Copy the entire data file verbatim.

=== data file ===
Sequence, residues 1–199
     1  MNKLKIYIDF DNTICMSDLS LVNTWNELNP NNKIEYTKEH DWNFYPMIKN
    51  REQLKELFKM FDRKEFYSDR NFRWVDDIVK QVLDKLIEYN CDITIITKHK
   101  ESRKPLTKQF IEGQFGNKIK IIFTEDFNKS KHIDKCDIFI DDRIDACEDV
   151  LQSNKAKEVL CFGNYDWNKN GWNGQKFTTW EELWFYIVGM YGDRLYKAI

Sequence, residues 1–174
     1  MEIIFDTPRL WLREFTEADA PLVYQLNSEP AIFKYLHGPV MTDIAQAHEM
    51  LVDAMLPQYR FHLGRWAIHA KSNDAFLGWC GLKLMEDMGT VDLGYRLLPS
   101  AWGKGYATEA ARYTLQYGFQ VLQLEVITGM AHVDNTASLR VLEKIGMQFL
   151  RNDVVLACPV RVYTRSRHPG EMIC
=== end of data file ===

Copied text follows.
Sequence, residues 1–199
     1  MNKLKIYIDF DNTICMSDLS LVNTWNELNP NNKIEYTKEH DWNFYPMIKN
    51  REQLKELFKM FDRKEFYSDR NFRWVDDIVK QVLDKLIEYN CDITIITKHK
   101  ESRKPLTKQF IEGQFGNKIK IIFTEDFNKS KHIDKCDIFI DDRIDACEDV
   151  LQSNKAKEVL CFGNYDWNKN GWNGQKFTTW EELWFYIVGM YGDRLYKAI

Sequence, residues 1–174
     1  MEIIFDTPRL WLREFTEADA PLVYQLNSEP AIFKYLHGPV MTDIAQAHEM
    51  LVDAMLPQYR FHLGRWAIHA KSNDAFLGWC GLKLMEDMGT VDLGYRLLPS
   101  AWGKGYATEA ARYTLQYGFQ VLQLEVITGM AHVDNTASLR VLEKIGMQFL
   151  RNDVVLACPV RVYTRSRHPG EMIC